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NORTH COUNTRY AT WORK: A day in the life of mail carrier Michael Welch
January 5, 2018

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POTSDAM - Michael Welch has been carrying mail in Potsdam since 1989, when he got a job as a "city" delivery carrier with the United States Postal Service. He'd been working as a window clerk just outside New York City for a couple years, but when he go the chance to come home (Welch grew up in St. Lawrence County) and get out onto the road, he jumped at the opportunity.

Welch is what's called a "park and loop" mailman - his route is made up of fourteen residential park and loop points. At each point he parks at a point, grabs one of his many bundles of mail, and walks the loop, delivering letters and packages as he goes.

He walks from roughly 9 a.m. to 4 p.m. every single day.

"It takes a lot of physical stamina," he said. "A lot of people have no idea that I walk between 12 and 13 miles a day."

Welch says he occasionally envies city mailmen that deliver to big post box units, where they can stand still and deliver hundreds of letters at a time. Residential mail carrying has a lot more wear and tear involved. But he's pretty content with his role; he says the time spent outside is the most valuable to him.

"Being out on the street is a lot of freedom," he said. "Being stuck in an office eight hours a day, 9 to 5, you deal with a lot of personalities, you start to feel stuck. When I got out into the street at 9 in the morning, I'm free! I get to walk around in the fresh air. ... I couldn't be luckier."

Welch sorts mail and prepares his bundles first thing in the morning, for about an hour and a half. He says that automation and improved technology have been a real boon to his timeline. Before automated letter sorting, he spent a lot longer in the office each morning.

Most of the year Welch can count on working from 7:30 a.m. to about 4 p.m. each day - that is, until the Christmas rush, when he says all hell breaks loose and package deliveries skyrocket.

"We start getting more packages, so some of the days can be a lot longer," he said. "There have been months of December when I've been out until 7 or 8 o'clock in the evening. I'll be out there with one of the miner's headlights on my head just so I can see where I'm walking."

North Country winters are hard for just about anyone, but they're especially brutal for mailmen, according to Welch.

"I've been through some terrible, brutal winters," he said. "There have been nights out when its 30 below. I do mind the bitter cold and I mind the ice. I've slipped and I've tripped and I've banged my head. I've had some falls out there. So at the age of 58 it was time for me to say, I'll do one more Christmas, and then that's it."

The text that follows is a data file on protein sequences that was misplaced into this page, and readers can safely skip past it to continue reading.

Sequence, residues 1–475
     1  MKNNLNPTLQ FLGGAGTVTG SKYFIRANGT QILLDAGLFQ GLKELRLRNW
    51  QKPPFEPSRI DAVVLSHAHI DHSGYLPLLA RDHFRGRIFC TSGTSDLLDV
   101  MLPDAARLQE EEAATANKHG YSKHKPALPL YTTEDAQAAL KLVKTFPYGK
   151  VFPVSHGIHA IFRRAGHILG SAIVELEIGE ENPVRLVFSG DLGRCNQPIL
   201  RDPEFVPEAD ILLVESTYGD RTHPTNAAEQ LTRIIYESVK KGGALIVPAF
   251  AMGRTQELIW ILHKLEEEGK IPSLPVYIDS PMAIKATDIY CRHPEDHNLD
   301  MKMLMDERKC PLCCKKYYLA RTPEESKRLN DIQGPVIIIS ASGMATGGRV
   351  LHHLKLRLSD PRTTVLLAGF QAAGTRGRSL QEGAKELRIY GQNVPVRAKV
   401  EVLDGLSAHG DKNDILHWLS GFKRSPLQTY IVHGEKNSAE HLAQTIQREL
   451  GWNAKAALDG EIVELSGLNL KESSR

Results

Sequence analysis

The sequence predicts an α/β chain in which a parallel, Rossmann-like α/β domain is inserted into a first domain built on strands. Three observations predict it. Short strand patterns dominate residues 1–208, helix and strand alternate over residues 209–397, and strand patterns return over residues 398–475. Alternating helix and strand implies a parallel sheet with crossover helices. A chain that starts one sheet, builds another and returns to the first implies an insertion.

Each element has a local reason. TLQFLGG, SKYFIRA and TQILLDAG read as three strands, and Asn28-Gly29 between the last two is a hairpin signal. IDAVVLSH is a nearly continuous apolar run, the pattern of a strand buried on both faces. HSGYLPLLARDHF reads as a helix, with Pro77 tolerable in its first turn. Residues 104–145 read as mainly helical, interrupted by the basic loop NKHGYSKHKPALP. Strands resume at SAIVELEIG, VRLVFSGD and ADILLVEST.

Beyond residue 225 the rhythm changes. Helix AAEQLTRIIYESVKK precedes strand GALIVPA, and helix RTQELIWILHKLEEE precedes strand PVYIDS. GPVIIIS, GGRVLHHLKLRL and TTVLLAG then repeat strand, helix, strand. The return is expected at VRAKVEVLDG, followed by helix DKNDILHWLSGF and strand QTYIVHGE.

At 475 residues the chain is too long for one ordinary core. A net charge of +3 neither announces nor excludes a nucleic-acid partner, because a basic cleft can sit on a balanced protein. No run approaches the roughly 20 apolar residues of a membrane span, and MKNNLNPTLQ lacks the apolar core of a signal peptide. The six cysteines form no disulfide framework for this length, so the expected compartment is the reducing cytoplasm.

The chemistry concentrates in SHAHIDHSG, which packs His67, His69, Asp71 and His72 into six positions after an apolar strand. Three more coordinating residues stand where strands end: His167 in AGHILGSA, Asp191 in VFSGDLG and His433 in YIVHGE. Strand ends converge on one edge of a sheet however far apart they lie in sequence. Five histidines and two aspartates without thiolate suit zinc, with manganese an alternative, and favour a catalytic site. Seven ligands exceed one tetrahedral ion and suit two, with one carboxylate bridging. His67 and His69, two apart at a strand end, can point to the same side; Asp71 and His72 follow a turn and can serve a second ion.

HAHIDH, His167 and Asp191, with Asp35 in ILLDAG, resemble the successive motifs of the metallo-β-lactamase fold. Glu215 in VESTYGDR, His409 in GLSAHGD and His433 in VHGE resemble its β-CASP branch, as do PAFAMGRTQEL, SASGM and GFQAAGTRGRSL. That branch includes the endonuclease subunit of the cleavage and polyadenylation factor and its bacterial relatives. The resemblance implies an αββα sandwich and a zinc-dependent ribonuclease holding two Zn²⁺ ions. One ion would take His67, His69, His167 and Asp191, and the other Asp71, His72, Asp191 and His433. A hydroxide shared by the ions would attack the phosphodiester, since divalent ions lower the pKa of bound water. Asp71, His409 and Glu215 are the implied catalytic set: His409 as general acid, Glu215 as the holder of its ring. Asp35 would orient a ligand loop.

Welch made the decision to retire earlier this year. December of 2017 was his last month; he is now officially retired. He's excited about more time to pursue his true passion, which is music.

He is a singer, guitarist, and the musical director for the Edwards Knox Opera House. He's also looking forward to staying in on nasty winter days.

But Welch says there are definitely things he'll miss. First off, he says he'll need to find an exercise replacement for the 13 miles of walking built into his former job. And he's made a lot of friends carrying mail, both human and canine.

"I've developed a real good relationship with a lot of my customers," he said. "A lot of them say that they're really going to miss me being their mailman. That kind of comment means a lot to me."

Welch feels especially close to elderly people in one of the apartment complexes he deliveries to each day. He says he's on a first name basis with many of them and will miss them sorely.

"I've got some dogs on my route that when they see me come, they just love to see me come," he said.

In some of the more secluded residential areas, dogs will come running up to meet Welch. He's only been chased by a dog once; to escape he ended up running up onto the hood of a Volkswagen.

Michael laughed as he told the story; he says he's a dog person and most dogs can sense that sort of thing.

Welch's last day of work was Dec. 28.

(This story comes to you from North Country Public Radio's North Country at Work project, which explores the working lives and history of our region. To see all the stories, check out www.ncpr.org/work.)

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